Žižek Has Lost the Plot

It is Slavoj Žižek who I have to thank for much of my interest in philosophy — and perhaps most of my intellectual outputs. A chance encounter with his books “Living in the End Times” and “The Parallax View,” which I painstakingly


Notes on Phenomenology from a Freshman Perspective

The concept of college, from applications to attendance, is interlaced with the goal of identifying who you are. This is obvious from the very beginning of the college search process. “What schools will help you accomplish your goals?” “Which will offer the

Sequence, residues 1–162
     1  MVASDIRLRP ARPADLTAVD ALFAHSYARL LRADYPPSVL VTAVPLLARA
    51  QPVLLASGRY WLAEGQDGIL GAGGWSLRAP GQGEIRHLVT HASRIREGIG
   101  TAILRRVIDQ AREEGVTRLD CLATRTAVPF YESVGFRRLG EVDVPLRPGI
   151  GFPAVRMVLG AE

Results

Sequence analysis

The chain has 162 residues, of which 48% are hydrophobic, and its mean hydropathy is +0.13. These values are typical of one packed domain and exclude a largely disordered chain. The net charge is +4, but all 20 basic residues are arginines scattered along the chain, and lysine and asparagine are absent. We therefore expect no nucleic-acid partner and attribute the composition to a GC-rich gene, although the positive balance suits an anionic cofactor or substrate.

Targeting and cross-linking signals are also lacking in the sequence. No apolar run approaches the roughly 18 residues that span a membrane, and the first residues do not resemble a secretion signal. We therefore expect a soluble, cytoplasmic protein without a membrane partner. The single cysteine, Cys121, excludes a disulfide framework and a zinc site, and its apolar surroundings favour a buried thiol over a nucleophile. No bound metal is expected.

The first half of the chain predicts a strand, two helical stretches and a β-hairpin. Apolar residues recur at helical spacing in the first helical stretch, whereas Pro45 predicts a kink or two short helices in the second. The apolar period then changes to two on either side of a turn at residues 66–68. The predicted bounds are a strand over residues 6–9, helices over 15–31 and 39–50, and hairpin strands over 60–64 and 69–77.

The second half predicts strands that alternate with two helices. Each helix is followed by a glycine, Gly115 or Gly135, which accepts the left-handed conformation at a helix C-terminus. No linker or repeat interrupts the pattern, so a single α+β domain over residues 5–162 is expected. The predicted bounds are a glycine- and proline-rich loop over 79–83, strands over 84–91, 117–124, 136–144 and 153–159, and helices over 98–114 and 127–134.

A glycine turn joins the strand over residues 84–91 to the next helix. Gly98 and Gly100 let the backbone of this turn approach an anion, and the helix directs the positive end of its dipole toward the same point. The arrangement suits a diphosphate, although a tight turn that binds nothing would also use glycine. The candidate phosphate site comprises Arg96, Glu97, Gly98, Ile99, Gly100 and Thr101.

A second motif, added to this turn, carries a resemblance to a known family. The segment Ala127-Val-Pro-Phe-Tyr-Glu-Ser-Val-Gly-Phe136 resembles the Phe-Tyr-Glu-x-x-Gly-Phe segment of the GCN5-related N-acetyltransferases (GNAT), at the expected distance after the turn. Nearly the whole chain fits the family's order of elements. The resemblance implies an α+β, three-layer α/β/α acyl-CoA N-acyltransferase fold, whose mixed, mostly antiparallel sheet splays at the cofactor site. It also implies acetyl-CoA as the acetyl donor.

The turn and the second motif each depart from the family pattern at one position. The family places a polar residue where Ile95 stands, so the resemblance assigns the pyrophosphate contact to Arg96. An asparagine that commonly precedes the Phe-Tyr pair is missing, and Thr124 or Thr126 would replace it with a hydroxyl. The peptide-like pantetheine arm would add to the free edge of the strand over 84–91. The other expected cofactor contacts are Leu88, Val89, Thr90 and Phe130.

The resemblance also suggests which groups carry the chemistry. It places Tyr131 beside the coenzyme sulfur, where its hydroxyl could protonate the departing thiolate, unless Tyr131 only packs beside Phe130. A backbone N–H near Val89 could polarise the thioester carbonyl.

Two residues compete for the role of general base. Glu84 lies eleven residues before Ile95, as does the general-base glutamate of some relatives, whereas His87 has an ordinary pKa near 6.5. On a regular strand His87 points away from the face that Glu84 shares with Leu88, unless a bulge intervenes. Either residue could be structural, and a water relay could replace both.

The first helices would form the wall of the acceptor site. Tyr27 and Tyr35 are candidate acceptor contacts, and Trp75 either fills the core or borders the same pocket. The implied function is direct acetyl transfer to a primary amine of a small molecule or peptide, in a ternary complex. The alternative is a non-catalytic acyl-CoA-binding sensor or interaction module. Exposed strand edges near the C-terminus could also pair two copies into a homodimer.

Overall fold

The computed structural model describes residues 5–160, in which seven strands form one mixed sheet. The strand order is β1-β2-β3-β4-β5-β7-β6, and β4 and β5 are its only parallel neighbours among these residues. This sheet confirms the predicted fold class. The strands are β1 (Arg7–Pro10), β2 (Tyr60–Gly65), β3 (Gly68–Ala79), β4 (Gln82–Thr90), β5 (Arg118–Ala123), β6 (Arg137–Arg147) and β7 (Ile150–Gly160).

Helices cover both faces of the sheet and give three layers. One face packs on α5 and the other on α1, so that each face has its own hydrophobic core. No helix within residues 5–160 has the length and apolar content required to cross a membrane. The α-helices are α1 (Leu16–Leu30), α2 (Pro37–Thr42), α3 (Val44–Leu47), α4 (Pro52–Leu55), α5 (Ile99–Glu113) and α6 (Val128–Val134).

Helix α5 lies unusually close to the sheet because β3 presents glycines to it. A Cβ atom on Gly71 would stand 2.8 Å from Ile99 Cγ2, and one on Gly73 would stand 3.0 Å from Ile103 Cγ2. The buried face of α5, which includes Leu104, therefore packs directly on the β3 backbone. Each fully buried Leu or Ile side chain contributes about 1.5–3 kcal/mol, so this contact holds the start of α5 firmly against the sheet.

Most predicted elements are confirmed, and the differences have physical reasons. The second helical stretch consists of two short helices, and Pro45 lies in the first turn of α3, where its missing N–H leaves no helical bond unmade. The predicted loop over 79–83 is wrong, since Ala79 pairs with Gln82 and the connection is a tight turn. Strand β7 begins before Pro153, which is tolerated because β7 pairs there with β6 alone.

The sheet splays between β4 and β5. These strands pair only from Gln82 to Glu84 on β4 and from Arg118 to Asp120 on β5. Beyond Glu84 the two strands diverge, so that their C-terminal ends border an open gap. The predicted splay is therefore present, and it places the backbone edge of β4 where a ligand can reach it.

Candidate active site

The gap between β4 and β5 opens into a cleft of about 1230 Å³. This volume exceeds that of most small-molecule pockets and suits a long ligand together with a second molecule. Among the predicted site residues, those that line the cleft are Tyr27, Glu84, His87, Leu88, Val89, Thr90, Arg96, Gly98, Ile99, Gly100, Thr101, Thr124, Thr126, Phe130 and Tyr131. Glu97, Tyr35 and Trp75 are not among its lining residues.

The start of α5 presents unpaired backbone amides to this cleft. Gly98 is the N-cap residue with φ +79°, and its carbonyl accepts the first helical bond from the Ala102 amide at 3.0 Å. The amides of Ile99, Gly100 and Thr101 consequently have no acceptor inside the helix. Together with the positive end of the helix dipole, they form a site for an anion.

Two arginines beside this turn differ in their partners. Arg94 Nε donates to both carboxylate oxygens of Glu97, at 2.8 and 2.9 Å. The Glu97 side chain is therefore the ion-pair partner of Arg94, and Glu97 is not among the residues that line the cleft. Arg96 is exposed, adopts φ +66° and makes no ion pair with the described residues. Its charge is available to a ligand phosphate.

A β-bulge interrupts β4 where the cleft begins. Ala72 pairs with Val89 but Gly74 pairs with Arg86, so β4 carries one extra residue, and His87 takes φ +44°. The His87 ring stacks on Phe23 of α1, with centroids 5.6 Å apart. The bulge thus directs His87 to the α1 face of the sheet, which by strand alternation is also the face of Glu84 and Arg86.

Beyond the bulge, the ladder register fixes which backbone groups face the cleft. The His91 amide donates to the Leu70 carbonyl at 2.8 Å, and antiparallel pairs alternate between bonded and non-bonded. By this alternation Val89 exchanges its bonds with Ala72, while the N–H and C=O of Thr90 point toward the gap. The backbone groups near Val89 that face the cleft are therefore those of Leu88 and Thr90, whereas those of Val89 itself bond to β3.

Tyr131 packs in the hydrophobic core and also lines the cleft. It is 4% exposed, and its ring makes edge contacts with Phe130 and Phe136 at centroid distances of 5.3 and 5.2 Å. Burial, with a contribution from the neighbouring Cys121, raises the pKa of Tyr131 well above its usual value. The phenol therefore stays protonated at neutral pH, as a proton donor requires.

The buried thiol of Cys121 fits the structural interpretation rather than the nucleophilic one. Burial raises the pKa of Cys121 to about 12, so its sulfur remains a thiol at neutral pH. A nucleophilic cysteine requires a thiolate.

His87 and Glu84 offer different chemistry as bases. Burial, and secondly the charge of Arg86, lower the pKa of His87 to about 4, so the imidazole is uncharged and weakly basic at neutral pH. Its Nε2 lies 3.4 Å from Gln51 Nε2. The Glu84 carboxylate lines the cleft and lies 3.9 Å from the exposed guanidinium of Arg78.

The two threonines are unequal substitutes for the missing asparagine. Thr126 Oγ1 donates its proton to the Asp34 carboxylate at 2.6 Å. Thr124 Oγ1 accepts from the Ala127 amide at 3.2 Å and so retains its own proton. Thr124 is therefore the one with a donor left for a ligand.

Free will does not matter

Freedom is a big word in our country and all too often the notion is taken for granted. Elsewhere I have written on the need to weigh the implicit negative rights of the historically marginalized against the positive rights of those who

What do we lose when we lose intent?

Chances are, you’ve long found an answer to one of the most difficult philosophical questions. The question is a very insidious one; it shapes not only our morals, but the whole way in which we conceptualize the world. It’s the problem of

Bias 101: Introduction to one perspective

Introductory courses are often a student’s first academic exposure to a new field. It stands to reason then that the more perspective one gains into a field, the more breadth they gain in their understanding.  And still some introductory courses are taught